Arctic Land-Surface Precipitation:
Gridded Monthly and Annual Climatologies

(Version 1.01)

interpolated and documented by

Cort J. Willmott and Michael A. Rawlins
(with support from NSF Project 9524740 and
NASA's Seasonal to Interannual ESIP)

For additional information concerning this archive,
please contact us at:

Center for Climatic Research
Department of Geography
University of Delaware
Newark, DE 19716
(302) 831-2294

or

rawlins@udel.edu


Archive (Version 1.01) created August 20, 1999

STATION DATA SOURCE:

Climatic means of monthly- and annual-total precipitation, calculated for 6054 independent land-surface weather stations located north of 43 N (Willmott and Rawlins, 1999), were used to produce this gridded archive. Some 2335 station records were drawn from version 2 of the Global Historical Climatology Network (Peterson and Vose, 1998), while 3697 station records were obtained from the Atmospheric Environment Service/Environment Canada. Twenty-two more Russian station records were acquired through collaboration with the State Hydrometeorological Institute, St. Petersburg, Russia. Work on Willmott and Rawlins's (1999) station climatology is ongoing, and it is unavailable for distribution.

SPATIAL INTERPOLATION:

Traditional interpolation was accomplished with the spherical version of Shepard's algorithm, which employs an enhanced distance-weighting method (Shepard, 1968; Willmott et al., 1985). Station precipitation values were interpolated to a 0.5 degree by 0.5 degree of latitude/longitude grid, where the grid nodes are centered on 0.25 degree. The number of nearby stations that influence a grid-node estimate was increased to an average of 20, from an average of 7 in earlier applications. This resulted in smaller cross-validation errors (see below) and visually more realistic precipitation fields. A more robust neighbor finding algorithm, based on spherical distance, also was used.

SPATIAL CROSS VALIDATION:

To indicate (roughly) the spatial interpolation errors, station-by-station cross validation was employed (Willmott and Matsuura, 1995). One station was removed at a time, and precipitation was then interpolated to the removed station location from the surrounding nearby stations. The difference between the real station value and the interpolated value is a local estimate of interpolation error. After each station cross validation was made, the removed station was put back into the network. To reduce network biases on cross-validation results, absolute values of the errors at the stations were interpolated to the same spatial resolution as the gridded precipitation field.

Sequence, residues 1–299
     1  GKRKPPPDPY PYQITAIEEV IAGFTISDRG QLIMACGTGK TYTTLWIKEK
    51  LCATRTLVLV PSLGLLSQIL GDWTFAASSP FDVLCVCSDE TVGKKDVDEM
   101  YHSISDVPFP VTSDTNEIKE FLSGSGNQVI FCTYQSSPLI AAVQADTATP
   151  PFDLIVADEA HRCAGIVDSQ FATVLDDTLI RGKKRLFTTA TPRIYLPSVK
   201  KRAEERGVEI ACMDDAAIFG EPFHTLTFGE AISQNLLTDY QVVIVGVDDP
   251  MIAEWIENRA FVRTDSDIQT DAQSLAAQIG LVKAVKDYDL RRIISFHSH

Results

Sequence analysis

ARCHIVE STRUCTURE:

precip.clim:
Monthly and annual precipitation totals interpolated to a 0.5 by 0.5 degree grid resolution. The format of each record is:
Field Columns Variable Fortran Format
1 1 - 8 Longitude (decimal degrees)
F8.3
2 9 - 16 Latitude (decimal degrees)
F8.3
3-14 17 - 100 Monthly Precipitation (mm, Jan - Dec)
12F7.1
15 101 - 107 Annual Precipitation (mm)
F7.1
pprecip.cve.clim:
Cross-validation errors associated with monthly and annual precipitation interpolated to a 0.5 by 0.5 degree grid resolution. The format of each record is:
Field Columns Variable Fortran Format
1 1 - 8 Longitude (decimal degrees)
F8.3
2 9 - 16 Latitude (decimal degrees)
F8.3
3-14 17 - 100 Cross-validation errors for Monthly Precipitation (mm, Jan - Dec)
12F7.1
15 101 - 107 Cross-validation errors for Annual Precipitation (mm)
F7.1

SELECTED REFERENCES:

Shepard, D. (1968). A two-dimensional Interpolation function for irregularly-spaced Data. Proceedings, 1968 ACM National Conference, 517-523.

Willmott, C. J., C. M. Rowe and W. D. Philpot (1985). Small-Scale Climate Maps: A Sensitivity Analysis of Some Common Assumptions Associated with Grid-point Interpolation and Contouring. . American Cartographer, 12, 5-16.

Willmott, C. J. and M. A. Rawlins (1999). Arctic Monthly Precipitation: Land-Surface Station Climatology Archive (version. 1.01). Newark, Delaware: . Center for Climatic Research, Department of Geography, University of Delaware (in preparation).